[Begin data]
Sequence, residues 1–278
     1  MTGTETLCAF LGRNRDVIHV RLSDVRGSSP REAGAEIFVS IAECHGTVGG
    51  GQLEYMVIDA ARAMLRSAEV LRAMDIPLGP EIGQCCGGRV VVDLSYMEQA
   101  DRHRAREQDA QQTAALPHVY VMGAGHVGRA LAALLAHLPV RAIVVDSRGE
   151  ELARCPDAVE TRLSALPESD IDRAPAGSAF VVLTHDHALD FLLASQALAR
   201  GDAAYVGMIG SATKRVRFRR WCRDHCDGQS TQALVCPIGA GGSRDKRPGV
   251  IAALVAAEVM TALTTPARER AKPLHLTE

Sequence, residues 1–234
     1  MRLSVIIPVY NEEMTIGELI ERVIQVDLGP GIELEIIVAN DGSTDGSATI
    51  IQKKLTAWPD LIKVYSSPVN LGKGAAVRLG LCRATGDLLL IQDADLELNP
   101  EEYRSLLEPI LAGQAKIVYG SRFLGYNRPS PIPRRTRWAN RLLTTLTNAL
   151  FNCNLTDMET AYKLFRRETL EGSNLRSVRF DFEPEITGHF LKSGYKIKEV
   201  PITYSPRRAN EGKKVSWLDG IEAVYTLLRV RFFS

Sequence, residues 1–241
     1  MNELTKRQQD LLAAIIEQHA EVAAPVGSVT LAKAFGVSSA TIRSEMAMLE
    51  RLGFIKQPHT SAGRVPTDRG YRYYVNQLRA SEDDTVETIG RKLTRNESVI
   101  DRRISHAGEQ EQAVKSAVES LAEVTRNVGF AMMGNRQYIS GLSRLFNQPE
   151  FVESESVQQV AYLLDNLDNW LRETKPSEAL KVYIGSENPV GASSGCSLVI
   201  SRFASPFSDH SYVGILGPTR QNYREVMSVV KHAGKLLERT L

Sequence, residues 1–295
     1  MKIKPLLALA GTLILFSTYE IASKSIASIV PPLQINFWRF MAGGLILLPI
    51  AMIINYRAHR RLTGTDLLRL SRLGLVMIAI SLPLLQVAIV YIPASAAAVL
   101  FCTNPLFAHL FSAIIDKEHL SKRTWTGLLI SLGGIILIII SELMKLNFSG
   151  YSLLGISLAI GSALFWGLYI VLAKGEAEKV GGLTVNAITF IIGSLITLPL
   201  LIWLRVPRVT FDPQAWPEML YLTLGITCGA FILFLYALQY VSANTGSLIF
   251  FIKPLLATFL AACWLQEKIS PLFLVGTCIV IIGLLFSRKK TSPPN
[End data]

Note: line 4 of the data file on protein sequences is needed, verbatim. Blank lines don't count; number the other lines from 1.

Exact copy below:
   101  DRHRAREQDA QQTAALPHVY VMGAGHVGRA LAALLAHLPV RAIVVDSRGE